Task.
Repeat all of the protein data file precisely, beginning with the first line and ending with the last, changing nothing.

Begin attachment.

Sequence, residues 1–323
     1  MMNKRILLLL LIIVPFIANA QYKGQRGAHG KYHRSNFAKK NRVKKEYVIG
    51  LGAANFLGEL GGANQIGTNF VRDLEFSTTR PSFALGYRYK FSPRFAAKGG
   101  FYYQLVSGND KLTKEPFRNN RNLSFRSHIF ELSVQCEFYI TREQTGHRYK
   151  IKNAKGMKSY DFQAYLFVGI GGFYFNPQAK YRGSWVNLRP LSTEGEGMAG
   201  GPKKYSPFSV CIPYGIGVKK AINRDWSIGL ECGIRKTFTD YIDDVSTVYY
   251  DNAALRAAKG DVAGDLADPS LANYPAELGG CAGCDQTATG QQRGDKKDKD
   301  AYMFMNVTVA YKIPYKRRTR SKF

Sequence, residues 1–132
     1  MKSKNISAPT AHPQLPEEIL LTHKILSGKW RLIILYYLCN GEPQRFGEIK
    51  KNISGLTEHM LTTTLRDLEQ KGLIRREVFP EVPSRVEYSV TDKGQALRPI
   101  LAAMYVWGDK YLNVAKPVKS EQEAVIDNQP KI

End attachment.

Sequence, residues 1–323
     1  MMNKRILLLL LIIVPFIANA QYKGQRGAHG KYHRSNFAKK NRVKKEYVIG
    51  LGAANFLGEL GGANQIGTNF VRDLEFSTTR PSFALGYRYK FSPRFAAKGG
   101  FYYQLVSGND KLTKEPFRNN RNLSFRSHIF ELSVQCEFYI TREQTGHRYK
   151  IKNAKGMKSY DFQAYLFVGI GGFYFNPQAK YRGSWVNLRP LSTEGEGMAG
   201  GPKKYSPFSV CIPYGIGVKK AINRDWSIGL ECGIRKTFTD YIDDVSTVYY
   251  DNAALRAAKG DVAGDLADPS LANYPAELGG CAGCDQTATG QQRGDKKDKD
   301  AYMFMNVTVA YKIPYKRRTR SKF

Sequence, residues 1–132
     1  MKSKNISAPT AHPQLPEEIL LTHKILSGKW RLIILYYLCN GEPQRFGEIK
    51  KNISGLTEHM LTTTLRDLEQ KGLIRREVFP EVPSRVEYSV TDKGQALRPI
   101  LAAMYVWGDK YLNVAKPVKS EQEAVIDNQP KI